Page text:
FAO and MoA inaugurate a new veterinary laboratory in Liberia

LIBERIA – The Food and Agriculture Organization of the United Nations (FAO), in collaboration with Liberia’s Ministry of Agriculture (MoA) has inaugurated the a refurbished and equipped Central Veterinary Laboratory (CVL) at the University of Liberia’s Fendell Campus.

The facility was funded by USAID, through FAO’s Emergency Center for Transboundary Animal Diseases (ECTAD) program, an Observer report reveals.

Equipped with modern diagnostic equipment, diagnostic kits for priority zoonotic diseases, reagents and consumables, the laboratory has the capacity to diagnose zoonotic diseases, and other Transboundary Animal Diseases (TADs).

It utilizes bacteriological techniques, Enzyme Linked Immunosorbent Assays (ELISAs), Fluorescent Microscopy and Real Time-Polymerase Chain Reaction (RT-PCR).

“I am pleased that Liberia is making progress relating to the one health platform that aims at responding to the threat of transboundary animal health cases, which we spent a lot of money to treat people for at health facilities, because we do not have the equipment to diagnose the cases.

The inauguration of this facility is an important milestone,” said Agriculture Minister, Dr. Mogana Flomo.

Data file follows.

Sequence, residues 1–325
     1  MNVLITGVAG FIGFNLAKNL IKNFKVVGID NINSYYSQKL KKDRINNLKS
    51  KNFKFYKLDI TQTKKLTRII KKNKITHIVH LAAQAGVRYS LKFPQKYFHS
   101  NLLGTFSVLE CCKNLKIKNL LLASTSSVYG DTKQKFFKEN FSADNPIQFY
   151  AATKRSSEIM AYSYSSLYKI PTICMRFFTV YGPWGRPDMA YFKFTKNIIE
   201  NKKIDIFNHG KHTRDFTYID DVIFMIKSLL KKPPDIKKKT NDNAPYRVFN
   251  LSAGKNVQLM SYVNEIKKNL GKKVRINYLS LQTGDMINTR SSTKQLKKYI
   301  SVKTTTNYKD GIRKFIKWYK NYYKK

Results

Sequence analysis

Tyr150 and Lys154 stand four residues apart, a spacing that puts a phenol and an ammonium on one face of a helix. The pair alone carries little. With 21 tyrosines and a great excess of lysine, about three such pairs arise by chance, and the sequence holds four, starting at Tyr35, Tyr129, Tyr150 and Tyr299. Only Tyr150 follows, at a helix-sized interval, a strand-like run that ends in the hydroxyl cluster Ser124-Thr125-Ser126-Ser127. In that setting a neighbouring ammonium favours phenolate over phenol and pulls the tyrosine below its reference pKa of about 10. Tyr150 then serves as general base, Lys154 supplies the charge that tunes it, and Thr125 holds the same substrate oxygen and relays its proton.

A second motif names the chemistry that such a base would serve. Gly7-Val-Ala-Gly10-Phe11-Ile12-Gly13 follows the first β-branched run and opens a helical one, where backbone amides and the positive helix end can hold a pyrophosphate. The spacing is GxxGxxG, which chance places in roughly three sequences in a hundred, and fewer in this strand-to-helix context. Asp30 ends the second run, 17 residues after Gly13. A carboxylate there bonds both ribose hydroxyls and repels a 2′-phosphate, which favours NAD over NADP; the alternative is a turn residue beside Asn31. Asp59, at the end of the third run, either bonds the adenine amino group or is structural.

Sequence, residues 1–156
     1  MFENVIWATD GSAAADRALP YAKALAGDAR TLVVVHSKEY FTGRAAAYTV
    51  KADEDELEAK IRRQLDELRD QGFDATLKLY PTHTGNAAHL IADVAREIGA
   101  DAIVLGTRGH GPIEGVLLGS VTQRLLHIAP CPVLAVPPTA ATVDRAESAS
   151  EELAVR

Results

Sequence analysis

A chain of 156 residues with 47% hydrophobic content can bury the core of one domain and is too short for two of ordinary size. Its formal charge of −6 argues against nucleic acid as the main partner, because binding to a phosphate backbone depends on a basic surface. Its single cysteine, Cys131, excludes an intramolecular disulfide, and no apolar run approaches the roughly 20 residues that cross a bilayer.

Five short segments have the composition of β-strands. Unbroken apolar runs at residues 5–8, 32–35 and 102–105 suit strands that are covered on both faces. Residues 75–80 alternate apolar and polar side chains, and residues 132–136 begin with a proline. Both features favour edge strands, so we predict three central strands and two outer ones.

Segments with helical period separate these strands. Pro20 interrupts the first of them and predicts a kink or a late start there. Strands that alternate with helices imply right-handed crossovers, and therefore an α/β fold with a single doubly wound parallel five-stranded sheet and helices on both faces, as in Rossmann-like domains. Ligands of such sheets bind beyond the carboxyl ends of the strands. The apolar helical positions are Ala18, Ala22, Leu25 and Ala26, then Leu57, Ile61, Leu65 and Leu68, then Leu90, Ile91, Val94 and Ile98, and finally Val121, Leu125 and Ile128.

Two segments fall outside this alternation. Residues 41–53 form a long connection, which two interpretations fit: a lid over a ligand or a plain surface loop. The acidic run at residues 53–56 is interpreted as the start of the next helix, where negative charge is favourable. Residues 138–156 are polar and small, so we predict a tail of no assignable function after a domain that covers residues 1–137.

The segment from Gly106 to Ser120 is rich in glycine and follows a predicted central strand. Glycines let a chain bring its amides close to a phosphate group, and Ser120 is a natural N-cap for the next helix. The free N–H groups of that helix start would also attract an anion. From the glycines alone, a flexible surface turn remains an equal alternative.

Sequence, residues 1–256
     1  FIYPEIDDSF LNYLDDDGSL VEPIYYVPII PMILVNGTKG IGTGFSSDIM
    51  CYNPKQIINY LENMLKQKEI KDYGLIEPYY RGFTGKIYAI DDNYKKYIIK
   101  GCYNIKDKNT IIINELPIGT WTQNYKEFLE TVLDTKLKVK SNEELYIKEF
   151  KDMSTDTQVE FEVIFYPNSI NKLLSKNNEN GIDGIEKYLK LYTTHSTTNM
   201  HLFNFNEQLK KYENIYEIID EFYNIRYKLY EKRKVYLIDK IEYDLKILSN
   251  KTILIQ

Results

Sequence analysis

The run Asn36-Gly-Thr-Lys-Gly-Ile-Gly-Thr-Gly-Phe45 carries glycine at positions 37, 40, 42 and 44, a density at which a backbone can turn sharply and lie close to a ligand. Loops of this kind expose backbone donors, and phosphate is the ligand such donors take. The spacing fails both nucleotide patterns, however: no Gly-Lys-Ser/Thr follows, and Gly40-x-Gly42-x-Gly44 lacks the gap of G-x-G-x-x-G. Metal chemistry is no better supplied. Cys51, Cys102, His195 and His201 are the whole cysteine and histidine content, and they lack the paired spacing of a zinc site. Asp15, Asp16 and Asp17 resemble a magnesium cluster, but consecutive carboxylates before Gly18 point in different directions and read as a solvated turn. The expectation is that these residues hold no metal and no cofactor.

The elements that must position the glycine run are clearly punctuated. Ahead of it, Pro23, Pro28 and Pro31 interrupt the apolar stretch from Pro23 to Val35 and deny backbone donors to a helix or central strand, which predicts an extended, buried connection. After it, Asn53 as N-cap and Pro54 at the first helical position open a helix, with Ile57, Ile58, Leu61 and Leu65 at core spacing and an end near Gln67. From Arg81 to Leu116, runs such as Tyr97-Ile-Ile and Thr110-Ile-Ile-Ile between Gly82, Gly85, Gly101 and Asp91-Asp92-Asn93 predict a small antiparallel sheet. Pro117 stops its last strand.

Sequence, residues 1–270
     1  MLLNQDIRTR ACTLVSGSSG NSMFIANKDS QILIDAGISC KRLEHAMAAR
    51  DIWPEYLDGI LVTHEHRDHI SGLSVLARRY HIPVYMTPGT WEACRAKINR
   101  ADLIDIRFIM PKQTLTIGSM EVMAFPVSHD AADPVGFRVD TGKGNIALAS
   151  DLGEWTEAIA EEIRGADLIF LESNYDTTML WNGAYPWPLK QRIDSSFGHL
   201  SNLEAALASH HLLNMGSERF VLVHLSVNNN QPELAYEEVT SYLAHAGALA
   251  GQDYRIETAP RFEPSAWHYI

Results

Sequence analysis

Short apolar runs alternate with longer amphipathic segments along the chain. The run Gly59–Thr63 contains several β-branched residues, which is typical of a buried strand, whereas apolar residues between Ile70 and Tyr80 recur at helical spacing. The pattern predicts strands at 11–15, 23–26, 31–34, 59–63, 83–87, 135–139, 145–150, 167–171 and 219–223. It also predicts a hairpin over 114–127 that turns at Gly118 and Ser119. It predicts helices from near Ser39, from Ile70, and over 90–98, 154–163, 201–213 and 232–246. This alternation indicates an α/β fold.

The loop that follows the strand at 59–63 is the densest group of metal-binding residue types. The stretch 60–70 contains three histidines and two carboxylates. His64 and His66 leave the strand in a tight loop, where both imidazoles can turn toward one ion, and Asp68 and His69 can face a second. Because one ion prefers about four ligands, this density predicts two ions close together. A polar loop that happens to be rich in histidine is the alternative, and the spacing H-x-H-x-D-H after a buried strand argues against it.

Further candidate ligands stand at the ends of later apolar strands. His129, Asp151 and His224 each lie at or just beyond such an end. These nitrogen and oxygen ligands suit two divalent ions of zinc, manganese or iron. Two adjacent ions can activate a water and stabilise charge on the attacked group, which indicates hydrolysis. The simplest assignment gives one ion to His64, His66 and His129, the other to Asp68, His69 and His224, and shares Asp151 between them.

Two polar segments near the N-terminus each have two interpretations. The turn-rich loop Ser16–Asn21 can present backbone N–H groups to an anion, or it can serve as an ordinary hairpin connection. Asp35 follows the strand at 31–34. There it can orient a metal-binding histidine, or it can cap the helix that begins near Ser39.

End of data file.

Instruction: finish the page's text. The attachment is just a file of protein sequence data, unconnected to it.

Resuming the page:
The facility comes to address the need to reduce the case load of diseases at various health centers since it can be done through the ‘one health platform approach.’

Liberians will be trained to combat animal-related diseases with an overall goal of improving the country’s animal health sector.

The project also supports the Global Health Security Agenda (GHSA) to address Zoonotic Diseases and Animal Health in Africa.

“Through this project, FAO is supporting the Liberian government to address critical capacity gaps identified by the World Organization for Animal Health tool for the Performance of Veterinary Services, and the WHO Joint External Evaluation in Liberia,” said FAO Country Representative, Mariatou Njie.

GHSA is aimed at addressing global vulnerability to infectious disease threats of public health concerns, strengthen systems, and ensure that a trained workforce has the skills and tools to prevent, detect and respond rapidly and effectively to infectious disease threats.

In support of the initiative, FAO has donated two vehicles to the CVL and the MoA epidemiology unit to facilitate their works.

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